Analyses show that depression and anxiety were significantly correlated (r = 0.84, p < 0.001). In addition, higher resilience was significantly associated with less anxiety (r = −0.62, p = 0.04) and less depression (r = −0.75, p < 0.001). Independent samples t-tests were completed comparing: traumatic and nontraumatic SCI, level of injury including cervical and thoracic/lumbar, men and women, and those working and not working, with all individual questionnaire totals. Please refer to Table 2 for an overview of group differences. When comparing those with a traumatic and nontraumatic SCI, there was a trend in mindfulness t(27) = 1.54, p = 0.14; those with traumatic injuries scored higher in mindfulness. There were also trends in the comparison of cervical SCI and thoracic/lumbar SCI with mindfulness (t(30) = 1.66, p = 0.11) and anxiety (t(30) = 1.64, p = 0.11). When comparing the male participants to female, there was a trend in mindfulness (t(31) = 1.64, p = 0.11), with men scoring higher. We also saw a trend for depression in women (t(31) = −1.71, p = 0.10). When comparing those who are employed to those who are not, they differed significantly in terms of anxiety (t(32) = 2.53, p = 0.02), a trend for depression (t(32) = 2.88, p = 0.01), and a trend for those working compared to not working in resilience (t(32) = −2.72, p = 0.11).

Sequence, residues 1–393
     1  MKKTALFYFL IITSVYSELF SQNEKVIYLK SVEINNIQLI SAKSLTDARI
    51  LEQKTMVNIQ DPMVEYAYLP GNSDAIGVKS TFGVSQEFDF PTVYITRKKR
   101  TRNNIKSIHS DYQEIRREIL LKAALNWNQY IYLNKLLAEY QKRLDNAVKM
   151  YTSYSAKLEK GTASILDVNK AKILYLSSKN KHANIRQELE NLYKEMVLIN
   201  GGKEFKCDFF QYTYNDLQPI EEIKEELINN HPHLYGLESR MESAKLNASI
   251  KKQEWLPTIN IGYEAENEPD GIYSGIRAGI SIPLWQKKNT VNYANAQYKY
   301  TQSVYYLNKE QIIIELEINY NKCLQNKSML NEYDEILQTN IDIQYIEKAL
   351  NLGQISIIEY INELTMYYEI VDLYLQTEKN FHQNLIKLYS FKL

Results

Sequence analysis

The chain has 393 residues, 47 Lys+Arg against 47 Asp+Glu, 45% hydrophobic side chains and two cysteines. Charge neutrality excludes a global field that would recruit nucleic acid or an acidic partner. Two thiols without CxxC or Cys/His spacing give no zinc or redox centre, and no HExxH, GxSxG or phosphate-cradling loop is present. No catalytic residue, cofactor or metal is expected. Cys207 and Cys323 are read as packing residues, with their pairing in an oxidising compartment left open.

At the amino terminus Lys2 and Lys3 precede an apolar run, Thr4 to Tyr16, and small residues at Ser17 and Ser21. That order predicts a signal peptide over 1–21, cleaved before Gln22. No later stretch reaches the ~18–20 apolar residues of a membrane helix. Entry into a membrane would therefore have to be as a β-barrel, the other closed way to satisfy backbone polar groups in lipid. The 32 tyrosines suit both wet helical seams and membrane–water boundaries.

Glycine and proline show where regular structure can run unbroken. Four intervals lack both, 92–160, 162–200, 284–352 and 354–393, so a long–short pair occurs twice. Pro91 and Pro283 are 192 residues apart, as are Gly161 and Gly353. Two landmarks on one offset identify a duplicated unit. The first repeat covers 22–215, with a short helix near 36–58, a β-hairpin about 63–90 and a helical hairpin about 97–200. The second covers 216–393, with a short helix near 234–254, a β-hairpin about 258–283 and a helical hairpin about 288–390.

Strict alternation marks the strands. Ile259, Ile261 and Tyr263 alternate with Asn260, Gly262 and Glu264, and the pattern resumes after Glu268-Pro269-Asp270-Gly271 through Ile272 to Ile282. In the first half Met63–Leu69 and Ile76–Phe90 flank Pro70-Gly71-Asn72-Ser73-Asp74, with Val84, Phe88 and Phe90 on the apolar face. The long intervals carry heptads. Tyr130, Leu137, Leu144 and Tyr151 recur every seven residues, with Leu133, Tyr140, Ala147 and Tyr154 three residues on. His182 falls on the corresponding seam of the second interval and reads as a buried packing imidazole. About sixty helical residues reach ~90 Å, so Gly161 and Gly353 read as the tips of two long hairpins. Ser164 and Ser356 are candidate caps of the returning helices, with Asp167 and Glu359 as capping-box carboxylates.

Table 2 Overview of group differences.


Three regression models were completed comparing the five subscales of the FFMQ with the CDRISC, the PRO-D-SF and PRO-A-SF and the questionnaires. The purpose of these models was to test for predictive variance for resilience, depression, and anxiety in the sample. Results suggest that variables in the regression model account for 63% of variance in resilience (p < 0.001). Of the five subscales trends existed in the describing category with resilience (β = −0.40, p = 0.08), acting with awareness as associated with resilience (β = 0.38, p = 0.06), nonjudging of inner experience was associated with resilience (β = 0.36, p = 0.08) and nonreactivity to inner experience was significantly associate with resilience (β = 0.55, p = 0.004). Variables in the regression model also account for 61% of variance in depression (p < 0.001). Trends existed in the observing category associated with depression (β = 0.28, p = 0.07), acting with awareness associated with depression (β = −0.27, p = 0.19), nonjudging of inner experience associated with depression (β = −0.36, p = 0.09) and nonreactivity to inner experience associated with depression (β = −0.24, p = 0.198). Variables in the regression model account for 56% of variance in anxiety (p < 0.001). Of the five subscales, a trend was seen in the observing category in association with anxiety (β = 0.23, p = 0.15). Nonjudging of inner experience was significantly associated with anxiety (β = −0.60, p = 0.01) and nonreactivity to inner experience was significantly associated with anxiety (β = −0.57, p = 0.007); higher scores on both of these factors were associated with lower anxiety.